Local governments face exposure for all types of risks. Abuse claims are an emerging risk, reflective of a larger social trend that warrants careful consideration by municipalities. One way to manage this risk is through a well-developed and finely-tuned standalone abuse policy.

Standalone Abuse Policy

A standalone abuse policy is distinguishable from a traditional harassment policy that operates to promote a work environment in which all individuals are treated with respect dignity, free of harassment and discrimination. A policy addressing abuse is broader in scope and designed to prevent and respond to specific circumstances of abuse. Simply stated “abuse” is when an individual causes harm to another; it can take on many forms including physical, sexual, verbal/emotional, mental/psychological, financial/economic and cultural/identity. A traditional harassment policy is specific in scope and does not address these other types of harms.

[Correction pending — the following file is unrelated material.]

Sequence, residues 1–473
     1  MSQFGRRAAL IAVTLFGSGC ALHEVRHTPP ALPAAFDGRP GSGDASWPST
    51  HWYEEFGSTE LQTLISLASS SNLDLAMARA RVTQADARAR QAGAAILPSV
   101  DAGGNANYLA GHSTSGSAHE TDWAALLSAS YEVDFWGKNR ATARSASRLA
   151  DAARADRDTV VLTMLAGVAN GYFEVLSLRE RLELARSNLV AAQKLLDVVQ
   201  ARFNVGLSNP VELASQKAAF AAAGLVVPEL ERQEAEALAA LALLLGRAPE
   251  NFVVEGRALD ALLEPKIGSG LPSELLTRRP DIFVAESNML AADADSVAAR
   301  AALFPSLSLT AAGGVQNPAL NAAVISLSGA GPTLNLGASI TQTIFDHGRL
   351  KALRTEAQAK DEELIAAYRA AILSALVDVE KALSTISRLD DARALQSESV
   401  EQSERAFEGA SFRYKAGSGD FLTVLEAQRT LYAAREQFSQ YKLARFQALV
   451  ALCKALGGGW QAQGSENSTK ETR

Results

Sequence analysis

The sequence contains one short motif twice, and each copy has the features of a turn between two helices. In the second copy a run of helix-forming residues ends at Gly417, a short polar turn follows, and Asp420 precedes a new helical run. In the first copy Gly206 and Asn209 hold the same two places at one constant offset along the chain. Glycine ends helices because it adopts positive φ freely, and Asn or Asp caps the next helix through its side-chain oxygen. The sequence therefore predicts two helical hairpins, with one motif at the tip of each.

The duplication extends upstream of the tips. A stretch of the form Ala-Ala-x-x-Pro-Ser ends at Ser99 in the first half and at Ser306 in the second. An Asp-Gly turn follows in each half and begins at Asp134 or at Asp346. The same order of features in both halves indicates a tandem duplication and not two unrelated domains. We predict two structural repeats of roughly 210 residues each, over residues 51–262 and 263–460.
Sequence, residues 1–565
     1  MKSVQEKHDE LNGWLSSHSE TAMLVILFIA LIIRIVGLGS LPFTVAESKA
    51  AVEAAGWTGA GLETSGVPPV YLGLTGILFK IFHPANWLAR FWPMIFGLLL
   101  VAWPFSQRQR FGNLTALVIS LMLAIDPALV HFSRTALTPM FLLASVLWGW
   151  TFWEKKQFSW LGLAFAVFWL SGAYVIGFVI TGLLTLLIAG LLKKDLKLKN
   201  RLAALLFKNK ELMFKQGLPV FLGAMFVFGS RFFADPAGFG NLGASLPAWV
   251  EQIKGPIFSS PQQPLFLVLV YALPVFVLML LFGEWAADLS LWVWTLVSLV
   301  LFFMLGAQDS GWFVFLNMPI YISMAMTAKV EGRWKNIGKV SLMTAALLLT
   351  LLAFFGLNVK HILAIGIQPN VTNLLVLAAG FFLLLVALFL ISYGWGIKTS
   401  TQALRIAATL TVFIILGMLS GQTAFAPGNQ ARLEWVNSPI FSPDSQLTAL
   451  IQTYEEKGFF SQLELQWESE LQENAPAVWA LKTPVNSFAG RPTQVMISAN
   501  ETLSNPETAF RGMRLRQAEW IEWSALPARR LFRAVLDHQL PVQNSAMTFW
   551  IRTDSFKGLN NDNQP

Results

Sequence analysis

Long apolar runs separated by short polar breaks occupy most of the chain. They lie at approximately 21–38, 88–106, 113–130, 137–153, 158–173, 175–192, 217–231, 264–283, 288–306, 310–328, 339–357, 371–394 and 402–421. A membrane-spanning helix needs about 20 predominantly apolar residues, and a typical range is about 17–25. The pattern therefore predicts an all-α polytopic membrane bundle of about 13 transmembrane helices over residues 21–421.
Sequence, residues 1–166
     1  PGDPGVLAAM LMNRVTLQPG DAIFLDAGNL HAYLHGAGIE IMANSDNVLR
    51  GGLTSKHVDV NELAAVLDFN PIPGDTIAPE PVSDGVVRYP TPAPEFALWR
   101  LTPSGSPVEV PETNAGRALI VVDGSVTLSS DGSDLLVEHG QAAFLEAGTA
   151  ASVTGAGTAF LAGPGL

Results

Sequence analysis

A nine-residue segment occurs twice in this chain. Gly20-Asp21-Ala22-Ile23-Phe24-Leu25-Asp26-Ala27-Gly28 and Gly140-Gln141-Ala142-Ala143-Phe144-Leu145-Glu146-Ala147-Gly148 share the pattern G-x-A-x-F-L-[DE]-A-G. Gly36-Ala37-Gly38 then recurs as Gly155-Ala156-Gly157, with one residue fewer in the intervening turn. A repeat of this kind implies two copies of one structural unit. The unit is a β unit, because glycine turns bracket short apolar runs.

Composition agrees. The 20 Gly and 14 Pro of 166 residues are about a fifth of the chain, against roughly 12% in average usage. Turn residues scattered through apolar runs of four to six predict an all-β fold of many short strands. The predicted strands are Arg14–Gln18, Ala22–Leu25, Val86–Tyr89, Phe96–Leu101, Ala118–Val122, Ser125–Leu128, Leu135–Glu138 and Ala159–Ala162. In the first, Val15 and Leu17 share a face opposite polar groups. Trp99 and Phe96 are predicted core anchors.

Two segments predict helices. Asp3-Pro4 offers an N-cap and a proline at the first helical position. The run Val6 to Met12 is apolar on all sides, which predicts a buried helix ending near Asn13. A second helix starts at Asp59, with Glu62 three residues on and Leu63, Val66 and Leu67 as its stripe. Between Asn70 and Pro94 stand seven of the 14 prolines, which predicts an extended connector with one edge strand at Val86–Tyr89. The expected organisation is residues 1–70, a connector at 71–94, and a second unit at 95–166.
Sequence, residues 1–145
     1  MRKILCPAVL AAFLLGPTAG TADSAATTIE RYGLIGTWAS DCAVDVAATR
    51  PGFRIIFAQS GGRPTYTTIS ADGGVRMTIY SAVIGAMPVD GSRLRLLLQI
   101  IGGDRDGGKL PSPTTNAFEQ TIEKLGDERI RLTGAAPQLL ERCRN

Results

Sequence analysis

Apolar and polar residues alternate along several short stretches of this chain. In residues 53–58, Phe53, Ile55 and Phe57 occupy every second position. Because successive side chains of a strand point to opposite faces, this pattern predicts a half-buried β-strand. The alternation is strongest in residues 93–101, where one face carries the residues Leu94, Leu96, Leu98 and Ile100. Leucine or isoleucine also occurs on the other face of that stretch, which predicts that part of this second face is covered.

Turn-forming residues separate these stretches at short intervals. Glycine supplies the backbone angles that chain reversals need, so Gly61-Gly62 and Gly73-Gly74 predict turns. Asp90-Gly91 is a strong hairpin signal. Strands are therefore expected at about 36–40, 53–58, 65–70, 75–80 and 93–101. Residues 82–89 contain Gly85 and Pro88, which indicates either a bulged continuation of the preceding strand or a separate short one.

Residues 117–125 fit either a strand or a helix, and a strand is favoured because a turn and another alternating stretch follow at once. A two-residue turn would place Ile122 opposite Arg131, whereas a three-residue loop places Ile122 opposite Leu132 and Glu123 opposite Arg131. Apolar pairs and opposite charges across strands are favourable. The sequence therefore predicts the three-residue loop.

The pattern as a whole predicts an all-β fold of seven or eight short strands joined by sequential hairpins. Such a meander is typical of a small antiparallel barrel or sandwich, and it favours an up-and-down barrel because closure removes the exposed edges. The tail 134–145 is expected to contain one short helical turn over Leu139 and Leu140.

A standalone abuse policy operates to protect the public, employees and the local government. It creates a system of checks and balances that should be followed by an individual if they are a victim of abuse themselves, become aware of the abuse of another individual, or suspect someone may be at risk. It provides a framework for how to respond and execute the reporting protocols that are contained within each province’s legislation.

Risk Management Tool

Importantly, a standalone abuse policy can be utilized by local governments as an effective tool for risk management. It can reduce exposure to claims of vicarious lability, negligence and breach of duty.

a) Vicarious Liability